A post by Amber West started the ball rolling, suggesting we go without that something extra for a week (such as Starbuck’s, eating out, movies, etc.) and instead putting that money towards a greater cause (such as St. Jude’s Hospital, Susan G. Komen For The Cure).
That was followed by another blog by Barbara McDowell about random kindness with giving our time and effort. It hit a soft spot in me and moved me to comment on her blog, sharing a story of something that happened to me earlier that evening. Or, should I say, to me and another person in my town.
A cashier at the local grocery store to be exact.
As this cashier was ringing up my purchases, I noticed that she looked like she was about to cry. I asked if she was all right and her response was a little mumbled, so I didn’t hear what she said. Of course, now the poor cashier was the center of attention as the others in line waited to see what happened, and rather than embarrass her, I just let it drop. After she scanned my Dark Chocolate Mounds candy bar, I picked it up and offered it to her, telling her that the chocolate would make her feel better. After a bit of hesitation, she agreed, but she still looked bummed out. So, after the groceries were stashed in the cart, I walked around to where she stood and pulled her into a hug – and she returned it whole-heartedly, like she really, really needed it.
And you know what? I needed it, too. Offering the only thing I had at that particular moment – human contact and love – to someone who obviously needed it, ironically filled me up, instead of depleting my energy. And I think we parted ways feeling pretty good.
It happens that way. The act of giving one’s self, time, energy, money – when given freely, it only grows. A kind word, a meaningful touch, or an encouraging smile, is sometimes all it takes to keep another person’s head above the muck just long enough for them to reach for a thread of hope.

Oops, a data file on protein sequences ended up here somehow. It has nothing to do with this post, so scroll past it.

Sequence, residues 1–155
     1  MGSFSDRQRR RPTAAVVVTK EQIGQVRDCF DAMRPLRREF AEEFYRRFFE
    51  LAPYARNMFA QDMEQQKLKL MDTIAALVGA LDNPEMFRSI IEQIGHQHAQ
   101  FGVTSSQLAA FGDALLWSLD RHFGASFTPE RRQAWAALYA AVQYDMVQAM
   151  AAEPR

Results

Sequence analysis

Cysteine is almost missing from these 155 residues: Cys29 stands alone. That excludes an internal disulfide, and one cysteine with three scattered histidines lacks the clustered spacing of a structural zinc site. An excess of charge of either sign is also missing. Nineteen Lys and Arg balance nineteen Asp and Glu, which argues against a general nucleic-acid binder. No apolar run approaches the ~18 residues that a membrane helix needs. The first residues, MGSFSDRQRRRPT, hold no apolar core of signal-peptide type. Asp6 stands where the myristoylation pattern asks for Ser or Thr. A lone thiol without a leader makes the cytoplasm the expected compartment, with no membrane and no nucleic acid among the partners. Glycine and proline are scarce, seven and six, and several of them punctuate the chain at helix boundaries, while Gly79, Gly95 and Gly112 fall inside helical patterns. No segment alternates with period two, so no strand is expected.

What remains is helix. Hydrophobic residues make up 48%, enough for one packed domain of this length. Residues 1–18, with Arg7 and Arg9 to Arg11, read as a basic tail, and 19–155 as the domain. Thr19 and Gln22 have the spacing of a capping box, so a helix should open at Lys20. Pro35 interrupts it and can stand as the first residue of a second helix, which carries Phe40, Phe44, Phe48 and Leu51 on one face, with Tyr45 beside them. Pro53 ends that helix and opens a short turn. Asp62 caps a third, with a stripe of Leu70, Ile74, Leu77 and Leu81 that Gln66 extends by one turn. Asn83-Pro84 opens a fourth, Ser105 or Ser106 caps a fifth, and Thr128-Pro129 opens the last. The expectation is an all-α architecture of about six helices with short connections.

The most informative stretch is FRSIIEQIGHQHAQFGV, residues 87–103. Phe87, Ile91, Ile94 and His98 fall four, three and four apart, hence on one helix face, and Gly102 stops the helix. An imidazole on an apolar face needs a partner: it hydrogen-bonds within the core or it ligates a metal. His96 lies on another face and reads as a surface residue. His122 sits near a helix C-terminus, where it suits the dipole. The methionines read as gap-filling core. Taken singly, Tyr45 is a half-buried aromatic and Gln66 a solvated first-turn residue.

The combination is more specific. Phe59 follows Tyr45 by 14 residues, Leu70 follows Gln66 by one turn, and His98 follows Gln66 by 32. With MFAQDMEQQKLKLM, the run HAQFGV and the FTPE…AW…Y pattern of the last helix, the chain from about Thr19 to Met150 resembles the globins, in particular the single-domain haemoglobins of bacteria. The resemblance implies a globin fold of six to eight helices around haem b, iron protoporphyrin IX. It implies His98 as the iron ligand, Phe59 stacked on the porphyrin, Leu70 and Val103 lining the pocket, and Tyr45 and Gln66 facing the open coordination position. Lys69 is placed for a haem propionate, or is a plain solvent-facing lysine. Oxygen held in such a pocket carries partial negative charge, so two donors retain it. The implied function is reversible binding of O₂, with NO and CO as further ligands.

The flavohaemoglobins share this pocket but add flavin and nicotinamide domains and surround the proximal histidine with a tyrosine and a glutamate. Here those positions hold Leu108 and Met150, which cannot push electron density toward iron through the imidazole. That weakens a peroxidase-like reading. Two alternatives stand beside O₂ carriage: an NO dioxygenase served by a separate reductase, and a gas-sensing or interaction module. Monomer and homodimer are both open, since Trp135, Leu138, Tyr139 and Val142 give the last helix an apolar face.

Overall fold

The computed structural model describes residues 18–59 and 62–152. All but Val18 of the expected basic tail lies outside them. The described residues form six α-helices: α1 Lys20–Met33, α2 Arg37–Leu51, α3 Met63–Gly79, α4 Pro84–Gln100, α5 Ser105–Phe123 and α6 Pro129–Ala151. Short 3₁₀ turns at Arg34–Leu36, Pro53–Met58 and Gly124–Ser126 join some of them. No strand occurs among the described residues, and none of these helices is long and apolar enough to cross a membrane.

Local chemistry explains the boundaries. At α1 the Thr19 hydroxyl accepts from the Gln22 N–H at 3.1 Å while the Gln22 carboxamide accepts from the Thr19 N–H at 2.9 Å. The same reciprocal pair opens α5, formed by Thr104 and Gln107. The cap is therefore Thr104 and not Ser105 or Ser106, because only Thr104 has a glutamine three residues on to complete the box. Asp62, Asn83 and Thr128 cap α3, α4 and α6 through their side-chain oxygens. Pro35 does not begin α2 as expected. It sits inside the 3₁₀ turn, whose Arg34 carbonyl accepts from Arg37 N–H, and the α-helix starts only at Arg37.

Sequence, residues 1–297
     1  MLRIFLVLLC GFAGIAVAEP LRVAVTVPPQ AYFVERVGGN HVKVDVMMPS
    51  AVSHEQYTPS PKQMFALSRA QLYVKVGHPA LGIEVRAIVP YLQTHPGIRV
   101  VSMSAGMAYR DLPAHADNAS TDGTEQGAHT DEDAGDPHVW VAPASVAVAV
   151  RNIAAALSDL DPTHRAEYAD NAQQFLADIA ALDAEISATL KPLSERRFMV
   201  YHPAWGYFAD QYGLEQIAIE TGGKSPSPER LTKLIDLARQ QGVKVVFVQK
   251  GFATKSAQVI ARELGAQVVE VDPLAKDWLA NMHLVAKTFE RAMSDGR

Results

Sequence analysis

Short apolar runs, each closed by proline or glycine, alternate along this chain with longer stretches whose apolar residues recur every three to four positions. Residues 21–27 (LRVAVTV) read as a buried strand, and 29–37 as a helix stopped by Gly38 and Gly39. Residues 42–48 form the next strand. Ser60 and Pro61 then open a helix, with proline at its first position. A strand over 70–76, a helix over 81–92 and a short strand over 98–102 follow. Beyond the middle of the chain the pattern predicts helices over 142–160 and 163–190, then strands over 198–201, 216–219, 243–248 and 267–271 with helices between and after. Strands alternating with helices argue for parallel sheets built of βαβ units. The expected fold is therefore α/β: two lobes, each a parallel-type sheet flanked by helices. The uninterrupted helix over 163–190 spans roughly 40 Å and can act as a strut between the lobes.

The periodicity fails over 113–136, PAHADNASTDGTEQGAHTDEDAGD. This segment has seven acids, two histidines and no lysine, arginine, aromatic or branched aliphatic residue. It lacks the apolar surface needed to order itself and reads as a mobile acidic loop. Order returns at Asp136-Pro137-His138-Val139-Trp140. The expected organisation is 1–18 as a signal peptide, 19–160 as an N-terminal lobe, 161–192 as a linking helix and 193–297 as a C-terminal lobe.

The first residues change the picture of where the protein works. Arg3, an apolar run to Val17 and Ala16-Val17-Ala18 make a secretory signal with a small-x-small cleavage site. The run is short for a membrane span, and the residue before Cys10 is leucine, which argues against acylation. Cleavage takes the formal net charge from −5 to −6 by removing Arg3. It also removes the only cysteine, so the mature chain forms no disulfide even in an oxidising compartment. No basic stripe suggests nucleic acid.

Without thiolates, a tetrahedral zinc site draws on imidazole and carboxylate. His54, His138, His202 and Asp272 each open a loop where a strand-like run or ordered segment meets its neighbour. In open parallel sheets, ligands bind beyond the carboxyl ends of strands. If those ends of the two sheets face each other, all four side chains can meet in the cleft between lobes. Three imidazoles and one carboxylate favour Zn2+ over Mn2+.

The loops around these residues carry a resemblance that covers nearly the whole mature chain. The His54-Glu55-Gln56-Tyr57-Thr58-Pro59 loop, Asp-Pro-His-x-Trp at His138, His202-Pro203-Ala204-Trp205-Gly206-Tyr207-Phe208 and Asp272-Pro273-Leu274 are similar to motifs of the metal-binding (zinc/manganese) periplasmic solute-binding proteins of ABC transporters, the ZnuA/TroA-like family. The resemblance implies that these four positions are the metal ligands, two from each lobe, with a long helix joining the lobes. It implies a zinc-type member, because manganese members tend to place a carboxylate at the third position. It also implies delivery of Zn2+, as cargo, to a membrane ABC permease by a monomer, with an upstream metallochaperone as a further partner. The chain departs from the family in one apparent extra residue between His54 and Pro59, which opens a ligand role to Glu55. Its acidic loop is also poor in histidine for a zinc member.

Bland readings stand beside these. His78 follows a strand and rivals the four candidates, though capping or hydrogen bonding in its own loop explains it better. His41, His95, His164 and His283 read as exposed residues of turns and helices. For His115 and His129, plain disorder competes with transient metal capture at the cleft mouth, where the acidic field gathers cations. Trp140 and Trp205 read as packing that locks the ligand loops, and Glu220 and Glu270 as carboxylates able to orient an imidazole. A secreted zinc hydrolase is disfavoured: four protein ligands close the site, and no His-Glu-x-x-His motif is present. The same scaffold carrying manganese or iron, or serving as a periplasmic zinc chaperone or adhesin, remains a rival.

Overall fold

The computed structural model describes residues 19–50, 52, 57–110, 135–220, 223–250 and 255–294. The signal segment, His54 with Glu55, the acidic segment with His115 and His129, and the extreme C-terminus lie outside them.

I’ll never forget an incident many, many moons ago, when I was on the receiving end of such generosity.
When my boys were still very young, I was in a grocery store parking lot (what is it about grocery stores??), in a major downpour, trying to get the boys in their car seats before loading the groceries into the back of my car. I was making a quick rundown of everything I had bought, thinking to first grab the things that would be ruined by the rain. Before I had gotten through that list, a woman had approached and started loading my groceries into my car really, really fast, before pushing her own rain-soaked grocery cart towards her car several spaces down. I think I put one bag in my car to her five. Yeah, she was quick. When she was done, she had never looked back and never said a word.
I didn’t get a chance to thank her. I really wish I had.
It’s those little things we do for others – like holding doors open, picking up something that was dropped – that shows others that we are in tune with our surroundings, intently aware of them and what they might need at that moment. What a gift to give. It shows others that they are worthy of our time and effort. And who doesn’t love feeling worthy?
And that lady in the parking lot that helped me so many years ago?
Thank you, thank you, thank you.
How about you? Are you compelled to offer random acts of kindness? How often do you see kindness around you? Let’s keep the momentum going, and strive to keep paying it forward!